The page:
Kampfgeschwader 100 “Wiking”

Kampfgeschwader 100 “Wiking” (KG 100) was a bomber unit of the German Luftwaffe during World War II.

Overview

Originally formed as 7. Kompanie Luftnachrichten Schul- und Versuchsregiment (1. Staffel) and 8. Kompanie Luftnachrichten Schul- und Versuchsregiment (2. Staffel) the unit had been renamed to Luftnachrichten-Abteilung 100 in August 1938.[break][break]In November 1939, three month into the war, the unit was removed from the Luftwaffe Signal Corps and formed an independent bomber group, Kampfgruppe 100 (K. Gr. 100).[break][break]It was not before December 1941 that the Kampfgruppe 100 had been formally organized as a Geschwader – Kampfgeschwader 100– with initially two Gruppen, later four Gruppen. The unit was dissolved in the early months of 1945 after having suffered heavy losses.

Overview of Events

Formed before the war, the later Kampfgeschwader 100 served under different names in the beginning. It participated in the Polish Campaign in 1939, as independent Gruppe in the War over the North Sea (1939 – 1940) and in the Occupation of Denmark and Norway in 1940. Later in 1940, the Gruppe was moved to France and fought on the Channel Front (1940 – 1941) before it was moved east to the middle sector of the Eastern Frontin late 1941.

The I. Gruppe / KG 100

Finally transformed into a full Geschwader in December 1941, the I./KG 100 was returned to the southern sector of the Eastern Front in 1942 and also operated the southern Eastern Front in 1943. After a switch between I./KG 100 and I./KG 4, the “new” I./KG 100 served on the Channel Front again, flying missions against England in 1943 and 1944 before it was removed from the Geschwader end of May 1944 and became III./KG 1.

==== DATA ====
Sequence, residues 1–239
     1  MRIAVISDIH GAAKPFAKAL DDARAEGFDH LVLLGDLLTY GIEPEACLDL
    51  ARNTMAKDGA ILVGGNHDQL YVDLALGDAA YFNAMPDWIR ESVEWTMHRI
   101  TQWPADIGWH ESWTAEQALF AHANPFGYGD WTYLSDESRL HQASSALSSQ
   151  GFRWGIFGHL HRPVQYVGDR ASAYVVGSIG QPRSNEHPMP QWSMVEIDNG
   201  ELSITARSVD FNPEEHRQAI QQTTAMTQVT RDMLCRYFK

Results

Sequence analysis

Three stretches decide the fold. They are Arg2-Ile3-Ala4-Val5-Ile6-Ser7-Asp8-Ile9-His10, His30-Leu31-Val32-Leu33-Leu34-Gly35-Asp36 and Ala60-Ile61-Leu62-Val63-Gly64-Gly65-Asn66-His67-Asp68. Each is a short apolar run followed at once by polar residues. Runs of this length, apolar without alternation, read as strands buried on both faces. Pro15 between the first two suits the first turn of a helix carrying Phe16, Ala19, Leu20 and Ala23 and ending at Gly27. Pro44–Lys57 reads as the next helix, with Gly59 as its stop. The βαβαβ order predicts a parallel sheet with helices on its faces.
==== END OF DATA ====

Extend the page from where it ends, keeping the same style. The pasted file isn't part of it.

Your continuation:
The II. Gruppe / KG 100

In December 1941, the III./KG 26 became II./KG 100 when the former Kampfgruppe 100 was officially transformed into Kampfgeschwader 100. The II./KG 100 served in the middle sector of the Eastern Front in early 1942 but was moved to Greece at the end of April 1942 where it operated until April 1943.

The III. Gruppe / KG 100

The III./KG 100 was not formed before September 1942 when the former Aufklärungsgruppe (See) 126 became III./KG 100. It served in Greece in 1942 and early 1943.

The new II./KG 100 & III./KG 100 after April 1943

After the original II. Gruppe and III. Gruppe has been removed from Greece, they had been completely reformed from scratch in Germany. Eventually, they were moved back to the Mediterranean theater of operations in Juli 1943. In 1944, both groups remained in the Mediterranean until September 1944.

The IV. Gruppe / KG 100 (Ergänzugsgruppe)

The IV./KG 100 did not exist before December 1941 but the Kampfgruppe 100 already had an Ergänzungs-Staffel in 1940 (which later became IV./KG 100). The IV./KG 100served trainings and combat readiness training until it was dissolved in September 1944.

Coat of Arms

Coat of Arms - Kampfgeschwader 100 Kampfgeschwader 100 “Wiking” had selected a black Viking ship flying a red and white colored sail, white shields and a red banner on a blue background as the Geschwader’s coat of arms.

The design is said to be dating back to the year 1940 and was proposed by Kpt. z. S. Helmut Grubbe[1. Balke, Ulf (1981), p. 26] who – at that time – was assigned to the unit on active duty.

Tactical Unit ID – Geschwaderkennung

All aircraft of the Kampfgeschwader 100 “Wiking” used the Tactical Unit ID 6N.

Bibliography

  • Balke, Ulf (1981): Kampfgeschwader 100 “Wiking” – Eine Geschichte aus Kriegstagebüchern, Dokumenten und Berichten 1934 – 1945 – Motorbuchverlag – ISBN 3-87943-772-6

Citations

Leave a Reply

Your email address will not be published. Required fields are marked *